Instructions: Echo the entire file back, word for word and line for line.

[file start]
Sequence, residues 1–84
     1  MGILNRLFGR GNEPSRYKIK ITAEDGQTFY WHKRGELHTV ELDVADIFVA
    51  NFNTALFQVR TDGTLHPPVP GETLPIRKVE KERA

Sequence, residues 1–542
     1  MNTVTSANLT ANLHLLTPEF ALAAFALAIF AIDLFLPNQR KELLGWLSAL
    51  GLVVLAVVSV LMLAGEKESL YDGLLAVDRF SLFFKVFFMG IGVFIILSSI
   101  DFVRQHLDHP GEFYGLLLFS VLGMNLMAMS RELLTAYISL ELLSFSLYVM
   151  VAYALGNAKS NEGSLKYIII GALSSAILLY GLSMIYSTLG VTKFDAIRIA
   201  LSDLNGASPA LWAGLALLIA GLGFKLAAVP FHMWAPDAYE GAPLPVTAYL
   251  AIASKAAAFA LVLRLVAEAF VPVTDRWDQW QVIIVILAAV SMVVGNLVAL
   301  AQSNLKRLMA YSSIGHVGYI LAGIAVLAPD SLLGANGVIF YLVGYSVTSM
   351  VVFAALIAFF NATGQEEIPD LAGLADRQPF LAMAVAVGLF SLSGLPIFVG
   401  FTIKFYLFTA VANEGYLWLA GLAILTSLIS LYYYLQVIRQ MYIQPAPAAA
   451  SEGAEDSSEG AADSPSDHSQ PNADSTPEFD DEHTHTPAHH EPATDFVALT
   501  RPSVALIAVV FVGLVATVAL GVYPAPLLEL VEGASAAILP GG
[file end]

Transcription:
Sequence, residues 1–84
     1  MGILNRLFGR GNEPSRYKIK ITAEDGQTFY WHKRGELHTV ELDVADIFVA
    51  NFNTALFQVR TDGTLHPPVP GETLPIRKVE KERA

Sequence, residues 1–542
     1  MNTVTSANLT ANLHLLTPEF ALAAFALAIF AIDLFLPNQR KELLGWLSAL
    51  GLVVLAVVSV LMLAGEKESL YDGLLAVDRF SLFFKVFFMG IGVFIILSSI
   101  DFVRQHLDHP GEFYGLLLFS VLGMNLMAMS RELLTAYISL ELLSFSLYVM
   151  VAYALGNAKS NEGSLKYIII GALSSAILLY GLSMIYSTLG VTKFDAIRIA
   201  LSDLNGASPA LWAGLALLIA GLGFKLAAVP FHMWAPDAYE GAPLPVTAYL
   251  AIASKAAAFA LVLRLVAEAF VPVTDRWDQW QVIIVILAAV SMVVGNLVAL
   301  AQSNLKRLMA YSSIGHVGYI LAGIAVLAPD SLLGANGVIF YLVGYSVTSM
   351  VVFAALIAFF NATGQEEIPD LAGLADRQPF LAMAVAVGLF SLSGLPIFVG
   401  FTIKFYLFTA VANEGYLWLA GLAILTSLIS LYYYLQVIRQ MYIQPAPAAA
   451  SEGAEDSSEG AADSPSDHSQ PNADSTPEFD DEHTHTPAHH EPATDFVALT
   501  RPSVALIAVV FVGLVATVAL GVYPAPLLEL VEGASAAILP GG